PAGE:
Friction calculations#

DNVGL-ST-N001 prescribes that friction needs to be considered:

“When appropriate, allowances for special loads should be made in the derivation of loads on the lifted structure, lift points and rigging system. Examples of special loads include tugger line loads, guide loads, wind loads, hydrostatic loads, hydrodynamic loads, suction loads, friction loads etc.” [16.2.7.1]

Section 16.2.8 then continues to describe the effect of friction on a doubled slings or grommets.

DAVE’s rigging module provides two options to incorporate friction effects in rigging systems.

  1. Global

  2. Local

The global option enforces friction on a connection and then re-solves the complete system:

image-20230927161655649

The local option only applies a factor on the load in the item that encounters the friction. In the example above that would mean that a load-increase factor is applied on the grommet, but not on the shackle.

When to use what#

Use global if you can, use local if you must.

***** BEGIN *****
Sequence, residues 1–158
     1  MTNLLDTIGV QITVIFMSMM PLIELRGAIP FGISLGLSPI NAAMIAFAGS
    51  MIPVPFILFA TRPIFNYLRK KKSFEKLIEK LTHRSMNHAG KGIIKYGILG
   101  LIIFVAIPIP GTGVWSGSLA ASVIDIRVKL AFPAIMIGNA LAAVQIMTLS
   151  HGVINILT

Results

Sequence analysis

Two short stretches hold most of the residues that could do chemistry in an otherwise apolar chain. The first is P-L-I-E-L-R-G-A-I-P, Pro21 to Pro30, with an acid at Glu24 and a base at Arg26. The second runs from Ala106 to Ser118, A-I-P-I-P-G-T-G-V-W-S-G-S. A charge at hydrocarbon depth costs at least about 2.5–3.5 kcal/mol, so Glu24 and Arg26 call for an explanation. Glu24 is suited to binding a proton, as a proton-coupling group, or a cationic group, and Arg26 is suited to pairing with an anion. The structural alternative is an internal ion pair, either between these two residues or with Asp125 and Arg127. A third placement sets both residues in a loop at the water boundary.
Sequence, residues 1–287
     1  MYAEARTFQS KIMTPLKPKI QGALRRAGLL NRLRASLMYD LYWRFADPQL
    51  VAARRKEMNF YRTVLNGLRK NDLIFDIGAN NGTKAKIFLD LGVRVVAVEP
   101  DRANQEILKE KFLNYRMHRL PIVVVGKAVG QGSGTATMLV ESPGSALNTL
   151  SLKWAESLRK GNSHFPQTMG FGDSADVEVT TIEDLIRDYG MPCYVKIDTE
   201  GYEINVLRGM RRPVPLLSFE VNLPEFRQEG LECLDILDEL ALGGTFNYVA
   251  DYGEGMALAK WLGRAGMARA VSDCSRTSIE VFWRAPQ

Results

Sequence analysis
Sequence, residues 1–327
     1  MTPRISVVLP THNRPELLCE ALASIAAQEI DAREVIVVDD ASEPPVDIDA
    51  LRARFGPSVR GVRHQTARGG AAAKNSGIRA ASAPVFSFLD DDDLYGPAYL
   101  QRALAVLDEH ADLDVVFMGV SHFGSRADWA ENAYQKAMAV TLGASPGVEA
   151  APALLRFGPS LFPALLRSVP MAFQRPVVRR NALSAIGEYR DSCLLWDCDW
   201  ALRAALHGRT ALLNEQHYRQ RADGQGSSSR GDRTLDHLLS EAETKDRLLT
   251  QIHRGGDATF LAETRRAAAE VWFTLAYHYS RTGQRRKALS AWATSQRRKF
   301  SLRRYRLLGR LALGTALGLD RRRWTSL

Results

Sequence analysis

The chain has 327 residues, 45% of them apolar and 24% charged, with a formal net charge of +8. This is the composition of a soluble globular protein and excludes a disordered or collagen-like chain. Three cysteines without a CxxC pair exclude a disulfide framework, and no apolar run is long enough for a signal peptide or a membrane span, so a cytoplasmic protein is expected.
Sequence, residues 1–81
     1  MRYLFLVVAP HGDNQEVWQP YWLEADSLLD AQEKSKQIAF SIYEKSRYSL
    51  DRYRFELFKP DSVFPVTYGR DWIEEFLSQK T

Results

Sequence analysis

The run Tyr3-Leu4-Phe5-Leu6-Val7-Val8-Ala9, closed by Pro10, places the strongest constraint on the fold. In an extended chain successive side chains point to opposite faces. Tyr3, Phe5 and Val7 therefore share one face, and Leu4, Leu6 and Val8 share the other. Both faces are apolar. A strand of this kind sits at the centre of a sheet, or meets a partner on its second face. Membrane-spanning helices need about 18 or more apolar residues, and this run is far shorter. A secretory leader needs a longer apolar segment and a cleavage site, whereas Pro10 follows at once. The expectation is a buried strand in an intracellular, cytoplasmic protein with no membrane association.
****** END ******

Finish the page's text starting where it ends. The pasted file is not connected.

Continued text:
The global option is clearly more advanced and physically correct. If it works then it is definitely the preferred option. However there are plenty of situations where the global option either becomes too computationally expensive (too many load-cases) or results in situations that are physically not possible. A common example of when global friction can not be used when there is insufficient resistance or stability in a system to absorb the friction forces:

image-20231013143457796

Comparison#

Two doubled grommets

Grommet #1 using global friction

Grommet #2 using local friction

The resulting UC ins grommet #1 is slightly higher because the global method considers the actual turn (which is slightly larger than 180 degrees) while the local method just uses a factor of 1.1 regardless of the turn.

image-20231013170027674

image-20231013170006083

image-20231013165933796

image-20231013170117078

image-20231013170129032

How to define#

Which method to use can be defined per sling or grommet. This is done in the rigging analysis section of the report.

For local there are the following options:

- Default (for 45%/55%)
- Custom factor (for other configurations)

For global the friction factor can be defined for each of the connections

Scripting#

Friction configuration can be defined for a RiggingAnalysisSection. It is defined as a dictionary where the key is the name of the SlingGrommet node and the value defines how friction is to be modelled. Value can be:

Value

Meaning

None

default, use Global

-1

use default local configuration

single number >= 0

use local configuration with given number as custom factor

tuple, list

global using custom coefficients